Once outside I read and re-read everything that I had earmarked for the occasion. According to the instructions in the manual, I was supposed to gently spray the bees with sugar water and then, also gently, tap the box on a flat surface to get the worker bees to drop away from the queen to the floor of the cage. I then had to give them another spray of sugar syrup to keep them on the bottom for a minute or two. This would allow me time to pry open the flat piece of plywood holding the sugar syrup and remove it. Once the sugar syrup was removed I could also remove the queen’s cylinder and quickly replace the plywood, keeping the worker bees, momentarily, in the cage. I was to pull the tab off the end of the queen’s cylinder (The queen is kept in a separate cylinder so that the workers have time to get used to her scent. In case there is any hostility towards her, the cylinder will protect her), poke a pinhole into the piece of candy stuck at the end, and place the opened cylinder into the bottom of the hive. Then I could take my cage, pull up the plywood again and tip the cage upside down over the hive. What happens next is that the workers all migrate down to where the queen is and start eating the candy keeping her imprisoned. By the time they have eaten it, it is hoped that the workers will have accepted her as their queen and release her to start laying eggs. Otherwise, if they reject her (i.e. kill her), a new queen may have to be ordered.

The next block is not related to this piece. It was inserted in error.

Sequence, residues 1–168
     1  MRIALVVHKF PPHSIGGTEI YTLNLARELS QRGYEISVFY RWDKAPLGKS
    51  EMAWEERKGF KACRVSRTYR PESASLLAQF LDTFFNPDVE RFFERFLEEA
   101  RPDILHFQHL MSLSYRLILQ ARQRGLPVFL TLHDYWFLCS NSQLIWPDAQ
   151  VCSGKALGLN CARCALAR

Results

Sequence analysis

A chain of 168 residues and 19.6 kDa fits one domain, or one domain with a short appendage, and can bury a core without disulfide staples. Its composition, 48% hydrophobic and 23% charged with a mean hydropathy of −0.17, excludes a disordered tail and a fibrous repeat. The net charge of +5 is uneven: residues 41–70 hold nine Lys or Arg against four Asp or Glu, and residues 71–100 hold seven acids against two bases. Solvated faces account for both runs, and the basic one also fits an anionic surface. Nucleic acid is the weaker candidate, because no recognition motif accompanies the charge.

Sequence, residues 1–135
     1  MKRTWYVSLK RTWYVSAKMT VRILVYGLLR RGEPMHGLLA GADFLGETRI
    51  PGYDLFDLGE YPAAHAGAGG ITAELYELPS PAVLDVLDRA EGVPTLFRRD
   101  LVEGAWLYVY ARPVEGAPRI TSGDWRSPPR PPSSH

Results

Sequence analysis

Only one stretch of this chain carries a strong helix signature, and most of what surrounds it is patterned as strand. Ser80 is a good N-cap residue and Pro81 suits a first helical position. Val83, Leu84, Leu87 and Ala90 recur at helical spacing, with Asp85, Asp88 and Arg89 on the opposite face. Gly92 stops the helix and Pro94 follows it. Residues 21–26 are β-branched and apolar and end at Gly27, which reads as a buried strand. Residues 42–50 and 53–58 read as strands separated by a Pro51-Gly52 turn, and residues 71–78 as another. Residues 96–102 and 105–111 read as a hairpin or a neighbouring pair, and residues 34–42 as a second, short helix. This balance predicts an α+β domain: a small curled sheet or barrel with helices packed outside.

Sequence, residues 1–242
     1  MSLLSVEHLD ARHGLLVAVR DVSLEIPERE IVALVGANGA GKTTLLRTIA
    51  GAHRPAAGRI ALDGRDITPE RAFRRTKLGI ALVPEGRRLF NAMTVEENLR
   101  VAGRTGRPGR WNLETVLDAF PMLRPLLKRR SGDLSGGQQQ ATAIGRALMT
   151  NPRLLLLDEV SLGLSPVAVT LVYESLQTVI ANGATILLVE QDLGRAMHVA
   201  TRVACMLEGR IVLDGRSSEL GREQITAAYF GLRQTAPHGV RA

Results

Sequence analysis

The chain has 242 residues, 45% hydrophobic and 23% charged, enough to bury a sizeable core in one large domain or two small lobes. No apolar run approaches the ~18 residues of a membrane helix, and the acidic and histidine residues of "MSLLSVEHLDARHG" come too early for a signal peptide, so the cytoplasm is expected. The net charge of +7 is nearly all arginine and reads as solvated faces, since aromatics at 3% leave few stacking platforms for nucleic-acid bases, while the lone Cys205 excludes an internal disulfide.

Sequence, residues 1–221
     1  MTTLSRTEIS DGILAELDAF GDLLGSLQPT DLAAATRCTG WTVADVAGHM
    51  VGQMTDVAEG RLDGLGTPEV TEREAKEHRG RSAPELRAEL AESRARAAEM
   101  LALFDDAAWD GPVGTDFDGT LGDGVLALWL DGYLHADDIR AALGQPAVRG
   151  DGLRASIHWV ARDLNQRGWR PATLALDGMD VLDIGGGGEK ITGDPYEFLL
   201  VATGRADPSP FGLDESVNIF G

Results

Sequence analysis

So, I read the manual one more time, took a deep breath and sprayed the bees with sugar syrup. I tapped the hive and heard an angry community “buzz”. But the bees did drop to the bottom of the cage. I sprayed them again and stuck my hive tool under the plywood and pulled out both the can of sugar syrup and the queen’s cylinder in one shot.
A word of caution here, folks: Bees do NOT read manuals!